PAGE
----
At the end of November last year I found myself at-odds with the law. My adventure into crime started because I had to take my cat to the vet for a routine check-up. That sounds pretty straightforward, but the cat in question was my seven-kilo tabby Fat Walter.
Let me make this clear from the beginning: Fat Walter’s a weapon. A semi-feral force of nature. He’s a striped ball of muscle, claws and rage, and being confined to his cat carrier (well, dog carrier - he’s freakishly big) is bottom on his personal list of Favourite Things to Do.
In short, taking Fat Walter to the vet is a high-risk venture, and I always try to make the process as fast as possible. However, once I’d wrestled him into his carrier and cleaned up my more serious injuries from doing so, I found that my car’s windows were iced-over from the cold. I quickly got to work scraping and de-misting, but it wasn’t long before I was running out of time and Fat Walter was running out of patience.
So, with the top third of my windscreen yet to de-mist, I started driving to the vet. I know it was reckless, but I had no choice. Dealing with Fat Walter is equivalent to dealing with a scaled-down and perpetually-irritated tiger, and he looked like he was on the verge of going Incredible Hulk on me.
Within about 60 seconds I’d been pulled over (serves me right for living next to a police station) and was explaining to a policeman that I was late for a vet’s appointment and a bit scared of my cat. He was having none of it, said I shouldn’t be driving with my windscreen still fogged up, and wrote me up. A couple of months later I found myself on a driver’s awareness course.
I’ve never been on a driver’s awareness course before, and it was absolutely nothing like I’d anticipated. I was thinking I’d be forced to watch at least an hours’ worth of dramatisations featuring children getting hit down by red-light-running sociopaths, followed by a stern caning and militant chanting of the Highway Code. Something like the aversion therapy scene from A Clockwork Orange, just set in a rented hotel conference room.
However, what I got was much softer - even thoughtful. The course encouraged us to explore the feelings and emotions that lead us to make the decisions that resulted in us being there. To start we were given photographs of someone doing something illegal while driving (running a red, using a mobile etc), and asked to come up with storylines that explained why they were doing what they were doing. Mine was of a guy overtaking a line of cars on a blind corner – I suggested his wife was in labour in the back, so he was rushing her to hospital and reckoned the time saved was worth the increased risk.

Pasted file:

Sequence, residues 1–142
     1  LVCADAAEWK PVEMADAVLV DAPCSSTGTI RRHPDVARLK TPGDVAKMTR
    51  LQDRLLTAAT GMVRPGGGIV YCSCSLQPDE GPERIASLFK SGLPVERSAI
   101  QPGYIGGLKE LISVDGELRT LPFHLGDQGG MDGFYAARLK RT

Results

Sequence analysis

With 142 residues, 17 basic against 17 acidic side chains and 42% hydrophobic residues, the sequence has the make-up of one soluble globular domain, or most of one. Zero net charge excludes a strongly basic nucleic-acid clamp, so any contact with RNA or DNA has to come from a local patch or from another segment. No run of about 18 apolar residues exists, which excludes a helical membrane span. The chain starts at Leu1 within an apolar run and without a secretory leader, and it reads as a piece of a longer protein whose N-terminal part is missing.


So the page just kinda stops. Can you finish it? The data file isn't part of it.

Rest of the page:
From there we were asked to boil the feelings our story’s driver must have been experiencing down into a single emotion: the driving force in their decision to break the law. In my pregnancy storyline it was fear (of not getting to the hospital in time). We then applied the same process to our own real-life reasons for being on the course, and I realised my personal driving emotion was also fear (of my cat).
The thinking behind doing this was that once we knew what emotions drove us to make illegal decisions we could control them and not make the same mistakes again. So, why am I telling you all this? Well, because it’s made me consider that messages are affected as much by their delivery as by their content. This naturally led me to think about the job I do and how I deliver potentially 'bad news' to clients.
Read Part 2 of 'Softening the Blow' for the next instalment.